You'll also find random psychotic humans roaming free and trying to kill you, though they're not nearly as interesting as the story's own colorful psychopaths. You can of course participate in various PP-earning activities scattered throughout the world, many of which are waiting to be found in Uranus Zone.

It feels hollow though. Removing the ticking clock exposes an inherent issue with the series: while random objects from the world and combo weapons are cool in theory, you're essentially just mashing the attack button over and over until it's time to trade your broken weapon for a working one. Sandbox singlehandedly reveals the genius of the original game's time-based conceit by robbing you of it.

In other words, it gets old fast.

Dead Rising 2: Off The Record

It's Not All Bad

There are also a few under the hood changes. Load times do not seem to have improved much -- though to be fair, my original DR2 experience was on an Xbox 360 and this review had to be played on a PS3 -- and the number of zombies flooding the screen seems largely unchanged. They're definitely more aggressive now, and some of the survivors you rescue likewise seem more inept.

Checkpoint saving is the biggest new technical addition, and it's a strong one. Checkpoints will be lost if you quit the game, but they're a huge aid when taking on bosses.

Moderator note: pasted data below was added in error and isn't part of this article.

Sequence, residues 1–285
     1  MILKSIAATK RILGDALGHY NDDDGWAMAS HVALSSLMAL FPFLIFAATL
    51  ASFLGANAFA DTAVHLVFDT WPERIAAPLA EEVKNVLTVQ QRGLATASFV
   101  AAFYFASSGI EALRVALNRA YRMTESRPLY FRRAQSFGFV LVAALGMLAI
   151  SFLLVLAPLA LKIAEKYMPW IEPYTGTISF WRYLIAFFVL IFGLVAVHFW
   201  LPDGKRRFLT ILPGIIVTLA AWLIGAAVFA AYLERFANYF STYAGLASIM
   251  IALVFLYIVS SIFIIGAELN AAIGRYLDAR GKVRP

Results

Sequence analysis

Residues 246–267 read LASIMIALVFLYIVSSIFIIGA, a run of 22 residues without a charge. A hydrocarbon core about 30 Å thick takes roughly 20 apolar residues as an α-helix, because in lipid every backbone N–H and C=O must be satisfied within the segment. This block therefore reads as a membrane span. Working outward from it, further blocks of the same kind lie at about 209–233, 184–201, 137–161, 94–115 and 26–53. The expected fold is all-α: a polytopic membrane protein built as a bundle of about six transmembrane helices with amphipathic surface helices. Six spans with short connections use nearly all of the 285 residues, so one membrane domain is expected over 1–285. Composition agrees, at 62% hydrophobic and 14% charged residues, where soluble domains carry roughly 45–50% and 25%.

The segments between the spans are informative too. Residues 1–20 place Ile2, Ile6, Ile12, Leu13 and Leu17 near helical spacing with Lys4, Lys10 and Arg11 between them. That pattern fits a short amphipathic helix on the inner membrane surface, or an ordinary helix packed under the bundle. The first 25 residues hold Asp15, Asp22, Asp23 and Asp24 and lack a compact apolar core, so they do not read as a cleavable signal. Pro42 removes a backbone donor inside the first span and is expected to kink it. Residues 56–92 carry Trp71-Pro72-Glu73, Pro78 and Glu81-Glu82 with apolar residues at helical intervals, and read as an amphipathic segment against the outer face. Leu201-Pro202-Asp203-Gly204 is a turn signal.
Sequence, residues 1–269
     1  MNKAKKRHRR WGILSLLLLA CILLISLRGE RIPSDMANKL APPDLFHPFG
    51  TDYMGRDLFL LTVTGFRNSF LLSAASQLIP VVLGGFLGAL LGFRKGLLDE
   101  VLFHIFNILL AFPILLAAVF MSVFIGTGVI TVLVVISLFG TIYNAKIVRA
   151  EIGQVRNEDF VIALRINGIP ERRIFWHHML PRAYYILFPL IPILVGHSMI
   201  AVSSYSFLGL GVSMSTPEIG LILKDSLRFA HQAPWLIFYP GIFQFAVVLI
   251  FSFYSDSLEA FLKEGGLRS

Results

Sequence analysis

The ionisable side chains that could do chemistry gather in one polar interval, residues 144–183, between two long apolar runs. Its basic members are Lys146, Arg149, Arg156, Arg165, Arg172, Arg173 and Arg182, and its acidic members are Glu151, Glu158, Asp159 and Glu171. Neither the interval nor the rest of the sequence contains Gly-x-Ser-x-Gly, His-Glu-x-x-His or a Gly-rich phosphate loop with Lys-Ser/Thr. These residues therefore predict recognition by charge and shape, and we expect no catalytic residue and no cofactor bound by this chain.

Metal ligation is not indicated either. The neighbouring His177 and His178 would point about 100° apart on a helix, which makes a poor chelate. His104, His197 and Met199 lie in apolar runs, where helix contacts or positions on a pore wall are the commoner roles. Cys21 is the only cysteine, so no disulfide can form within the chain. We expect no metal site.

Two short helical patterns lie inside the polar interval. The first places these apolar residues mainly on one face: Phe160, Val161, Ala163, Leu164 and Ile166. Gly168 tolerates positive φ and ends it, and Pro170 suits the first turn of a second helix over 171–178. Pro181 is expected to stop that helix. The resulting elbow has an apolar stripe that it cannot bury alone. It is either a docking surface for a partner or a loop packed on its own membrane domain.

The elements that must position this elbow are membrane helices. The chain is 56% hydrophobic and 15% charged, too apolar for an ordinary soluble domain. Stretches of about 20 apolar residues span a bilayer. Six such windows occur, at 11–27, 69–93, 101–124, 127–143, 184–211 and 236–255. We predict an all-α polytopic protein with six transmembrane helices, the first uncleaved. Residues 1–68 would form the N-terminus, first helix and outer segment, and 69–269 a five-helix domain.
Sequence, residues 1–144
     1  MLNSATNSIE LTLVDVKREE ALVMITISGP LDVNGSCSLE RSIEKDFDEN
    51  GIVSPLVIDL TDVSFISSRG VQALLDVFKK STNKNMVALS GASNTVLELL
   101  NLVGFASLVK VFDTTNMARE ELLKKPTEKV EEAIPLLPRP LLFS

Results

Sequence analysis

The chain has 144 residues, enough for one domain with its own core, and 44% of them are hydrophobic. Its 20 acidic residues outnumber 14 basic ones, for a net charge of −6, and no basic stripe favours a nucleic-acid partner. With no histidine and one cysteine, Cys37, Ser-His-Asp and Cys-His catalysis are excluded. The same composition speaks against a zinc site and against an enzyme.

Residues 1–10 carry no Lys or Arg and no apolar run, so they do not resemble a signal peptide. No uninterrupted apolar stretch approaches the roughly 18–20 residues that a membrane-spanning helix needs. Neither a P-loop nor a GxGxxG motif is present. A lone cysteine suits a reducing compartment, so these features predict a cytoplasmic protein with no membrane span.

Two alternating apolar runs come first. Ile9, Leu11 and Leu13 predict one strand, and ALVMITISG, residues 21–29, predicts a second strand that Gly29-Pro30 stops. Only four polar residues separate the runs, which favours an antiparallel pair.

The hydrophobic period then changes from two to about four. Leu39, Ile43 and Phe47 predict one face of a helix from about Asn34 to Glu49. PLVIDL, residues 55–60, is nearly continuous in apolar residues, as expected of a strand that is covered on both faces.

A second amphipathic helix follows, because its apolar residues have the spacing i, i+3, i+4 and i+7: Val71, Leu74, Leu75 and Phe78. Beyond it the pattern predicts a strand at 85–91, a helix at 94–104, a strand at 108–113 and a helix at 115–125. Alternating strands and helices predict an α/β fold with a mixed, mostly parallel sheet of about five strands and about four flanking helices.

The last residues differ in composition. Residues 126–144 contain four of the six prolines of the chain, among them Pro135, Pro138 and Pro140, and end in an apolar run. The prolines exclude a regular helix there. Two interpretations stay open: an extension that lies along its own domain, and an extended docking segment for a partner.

Dead Rising 2: Off The Record

Worth The Price of Admission?

This $40 package could have been greatly enhanced with the inclusion of the Chuck Greene-starring Dead Rising 2 on the disc as well. Or perhaps just a lower price, or even a DLC release. I'm sure Blue Castle put a lot of work in on creating the added bits in Off the Record, but the finished product simply doesn't stray far enough from its source to justify the cost.

It all comes back to the basic idea that a sequel should inject something new and fresh into a previously established framework. Off the Record is really a spinoff, sure, but even with the $40 budget pricing, the amount and variety of new content you're getting feels like it falls short. It's fun, but entirely skippable, at least until that price comes down to a more reasonable budget level.

Still want to play it? Why not rent it at Gamefly?